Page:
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Folded City

By: admin | March - 2 - 2012

Honorable Mention
2012 Skyscraper Competition

Adrien Piebourg, Bastien Papetti
France

How to live vertically? Building higher and higher does not seem to change the way we live. Most people wish to live in single-family residences, but the problem is the lack of diversity and density. How to have the benefits of suburbia combined with the intensity of living in the city?

The history of the skyscrapers goes back to Elisha Otis, who invented the elevator in the 19th century. This invention promoted the conquest of the sky with projects competing for prowess and size.  What would happened if within a house the elevator is used as a remote control to move from one floor to another, from one program to another?

This new “object” would challenge the function of living. The house becomes smart and incorporates multiple applications – one application per floor. The elevator is for the house what that Internet is for a smart-phone. A necessary parameter! Now you can “zap” your life spatially. Imagine yourself in your room, put on your slippers, go in your elevator, and zap! You will be in your living room, your garage, your favorite bar or business place; the park where you go jogging!

The new tower is born, or rather, the first cell. We must now find the idea of “Tower”. This cell is only anecdotal, but multiplied and intensified, it marks its existence. It is now clearly identifiable as an “object”.  The idea of “Tower” is inseparable from the idea of city, so we have now an object in the city, which looks like a city.  Perceptions are distorted. The object in the city became literally the “city-object”. Read the rest of this entry »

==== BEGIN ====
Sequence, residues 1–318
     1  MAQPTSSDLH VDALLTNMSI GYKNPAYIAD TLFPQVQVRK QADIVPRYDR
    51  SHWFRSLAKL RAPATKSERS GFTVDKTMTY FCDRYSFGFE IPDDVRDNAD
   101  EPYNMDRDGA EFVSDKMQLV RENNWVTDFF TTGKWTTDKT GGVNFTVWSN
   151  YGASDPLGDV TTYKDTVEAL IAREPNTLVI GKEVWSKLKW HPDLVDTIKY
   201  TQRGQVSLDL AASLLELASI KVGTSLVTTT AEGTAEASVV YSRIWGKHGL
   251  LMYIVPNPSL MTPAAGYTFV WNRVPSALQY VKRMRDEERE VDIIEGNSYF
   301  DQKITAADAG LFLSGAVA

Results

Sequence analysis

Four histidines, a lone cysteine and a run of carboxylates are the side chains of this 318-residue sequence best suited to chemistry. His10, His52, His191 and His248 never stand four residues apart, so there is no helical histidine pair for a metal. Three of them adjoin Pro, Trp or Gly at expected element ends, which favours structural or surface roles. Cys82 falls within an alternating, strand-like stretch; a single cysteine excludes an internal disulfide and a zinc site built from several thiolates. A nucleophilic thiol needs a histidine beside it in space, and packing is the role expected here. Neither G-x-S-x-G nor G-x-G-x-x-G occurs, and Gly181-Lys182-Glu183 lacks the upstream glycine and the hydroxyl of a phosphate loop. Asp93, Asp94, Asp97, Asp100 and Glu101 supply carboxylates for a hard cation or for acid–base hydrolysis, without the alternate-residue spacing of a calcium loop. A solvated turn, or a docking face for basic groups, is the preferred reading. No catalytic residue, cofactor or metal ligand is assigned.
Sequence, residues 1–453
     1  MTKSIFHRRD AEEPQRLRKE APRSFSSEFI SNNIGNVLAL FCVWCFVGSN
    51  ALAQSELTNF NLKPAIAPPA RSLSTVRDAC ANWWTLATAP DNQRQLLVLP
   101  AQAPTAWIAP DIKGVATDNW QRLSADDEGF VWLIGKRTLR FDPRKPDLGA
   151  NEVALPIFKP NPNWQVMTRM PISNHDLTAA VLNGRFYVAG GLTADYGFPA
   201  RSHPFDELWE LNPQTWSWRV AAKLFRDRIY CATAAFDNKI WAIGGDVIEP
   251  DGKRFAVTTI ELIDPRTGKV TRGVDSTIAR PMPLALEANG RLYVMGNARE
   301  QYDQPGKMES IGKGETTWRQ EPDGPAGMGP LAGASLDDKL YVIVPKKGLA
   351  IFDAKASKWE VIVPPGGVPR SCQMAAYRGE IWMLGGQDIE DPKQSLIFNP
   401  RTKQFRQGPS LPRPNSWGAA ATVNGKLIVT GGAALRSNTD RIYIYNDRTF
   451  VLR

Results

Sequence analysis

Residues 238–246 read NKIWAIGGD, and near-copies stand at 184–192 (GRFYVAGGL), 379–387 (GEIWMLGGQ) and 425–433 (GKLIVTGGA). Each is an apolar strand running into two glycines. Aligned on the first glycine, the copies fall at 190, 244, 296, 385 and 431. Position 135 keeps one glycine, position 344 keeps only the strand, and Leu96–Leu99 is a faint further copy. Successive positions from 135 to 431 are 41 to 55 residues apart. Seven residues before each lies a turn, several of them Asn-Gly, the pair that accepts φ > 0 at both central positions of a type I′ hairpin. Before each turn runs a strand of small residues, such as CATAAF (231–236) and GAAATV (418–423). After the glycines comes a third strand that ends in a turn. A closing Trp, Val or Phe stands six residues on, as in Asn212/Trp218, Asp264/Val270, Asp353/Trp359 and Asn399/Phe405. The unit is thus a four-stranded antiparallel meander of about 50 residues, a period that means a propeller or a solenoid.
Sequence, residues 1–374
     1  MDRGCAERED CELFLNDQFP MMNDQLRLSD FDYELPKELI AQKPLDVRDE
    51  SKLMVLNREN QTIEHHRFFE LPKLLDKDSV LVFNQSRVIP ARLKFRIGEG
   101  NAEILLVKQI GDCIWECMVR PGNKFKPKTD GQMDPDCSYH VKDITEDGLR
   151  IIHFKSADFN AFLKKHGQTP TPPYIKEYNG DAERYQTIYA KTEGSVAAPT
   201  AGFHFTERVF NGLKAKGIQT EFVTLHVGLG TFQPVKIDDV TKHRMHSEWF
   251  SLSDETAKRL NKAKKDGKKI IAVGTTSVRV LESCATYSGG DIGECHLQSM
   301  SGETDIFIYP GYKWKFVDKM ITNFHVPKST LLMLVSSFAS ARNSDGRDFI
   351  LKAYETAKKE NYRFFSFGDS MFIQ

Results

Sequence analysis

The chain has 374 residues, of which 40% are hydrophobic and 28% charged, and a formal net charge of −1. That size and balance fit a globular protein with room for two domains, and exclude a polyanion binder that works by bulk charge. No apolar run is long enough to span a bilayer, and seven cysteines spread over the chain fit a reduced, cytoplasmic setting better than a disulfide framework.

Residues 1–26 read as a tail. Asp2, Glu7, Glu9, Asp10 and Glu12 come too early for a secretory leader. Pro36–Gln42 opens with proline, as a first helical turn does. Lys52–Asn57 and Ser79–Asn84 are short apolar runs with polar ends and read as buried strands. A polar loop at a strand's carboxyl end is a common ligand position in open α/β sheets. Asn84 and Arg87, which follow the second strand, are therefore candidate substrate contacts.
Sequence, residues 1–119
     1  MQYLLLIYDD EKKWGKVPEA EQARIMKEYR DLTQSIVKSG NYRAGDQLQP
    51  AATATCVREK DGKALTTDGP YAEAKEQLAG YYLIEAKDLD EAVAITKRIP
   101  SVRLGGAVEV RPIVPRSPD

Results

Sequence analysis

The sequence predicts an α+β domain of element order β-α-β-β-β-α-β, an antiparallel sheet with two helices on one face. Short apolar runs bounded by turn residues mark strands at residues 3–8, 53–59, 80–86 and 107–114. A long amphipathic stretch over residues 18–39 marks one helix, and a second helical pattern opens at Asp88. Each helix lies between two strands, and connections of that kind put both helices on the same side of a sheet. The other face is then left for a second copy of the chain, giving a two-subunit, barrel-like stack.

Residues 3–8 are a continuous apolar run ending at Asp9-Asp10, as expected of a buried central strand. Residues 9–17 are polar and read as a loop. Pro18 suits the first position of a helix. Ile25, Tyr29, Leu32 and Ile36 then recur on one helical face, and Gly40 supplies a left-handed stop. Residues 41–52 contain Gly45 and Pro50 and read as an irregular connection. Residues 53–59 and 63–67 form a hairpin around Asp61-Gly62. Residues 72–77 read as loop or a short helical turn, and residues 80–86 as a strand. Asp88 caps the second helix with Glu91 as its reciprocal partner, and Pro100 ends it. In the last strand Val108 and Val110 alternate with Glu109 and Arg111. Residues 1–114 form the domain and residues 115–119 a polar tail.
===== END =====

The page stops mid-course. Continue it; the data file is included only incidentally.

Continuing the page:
Migrant Skyscraper

By: admin | March - 2 - 2012

Honorable Mention
2012 Skyscraper Competition

Damian Przybyła, Rafał Przybyła
Poland

The “Migrant Skyscraper” is literally mobile: A giant, thin tire with a building and green space in the center, this skyscraper is ready to roll.

The concept behind this structure is that in an unstable world, people need the stability of self-sufficiency to truly be free, and the future of the architectural field can help provide that to people. By constructing a safe haven for residents to live in that ensures they will have food to eat and water to drink, the Migrant Skyscraper affords people freedom despite what natural and social disasters may come. The building-inside-a-wheel can stay stationary for however long residents please, but, for example, if political upheaval destabilizes a region, residents can fire up the biofuel-powered engine and cruise to a new location.

The structure’s exterior tire is clad in recycled rubber. Inside, two buildings and surrounding green space provide everything residents need to survive, making the tire-encapsulated unit completely self-sufficient. Outside of the buildings there is space for agriculture, including crops and livestock; within the tire, plumbing systems circulate potable, gray and black water for drinking, waste facilities and irrigation. Read the rest of this entry »

Honorable Mention
2012 Skyscraper Competition

MADETOGETHER – Nikita Asadov
Russia

The race between countries, cities, and corporations to construct the highest structure is a challenge of pride and power. Our technological advances allowed for the construction of super-tall buildings – the higher they are, the more space they loose and the harder the engineering challenge becomes. The global financial crisis was the last decisive argument against such structures.

The House of Babel offers a radical revision for the common method of building a traditional home. With the help of aerostatic construction we can eliminate extra floors and elevate the building to almost any desired height. The post-crisis skyscraper is the house consisting of two floors connected with a high-speed elevator on a thin heavy-duty cable. Read the rest of this entry »

Plastic Fish Tower

By: admin | March - 2 - 2012

Honorable Mention

2012 Skyscraper Competition

Kim Hongseop, Cho Hyunbeom, Yoon Sunhee, Yoon Hyungsoo
South Korea

In the middle of the Pacific Ocean sits a mass of garbage that is 8.1% the size of the entire sea. It is known as the Great Pacific Garbage Patch (GPGP), and is estimated to contain over 100 million tons of waste. The debris gathers in that particular location as ocean currents convene in the Subtropical Convergence Region, and is causing grave harm to the immediate ecosystem and those within a broad surrounding swath.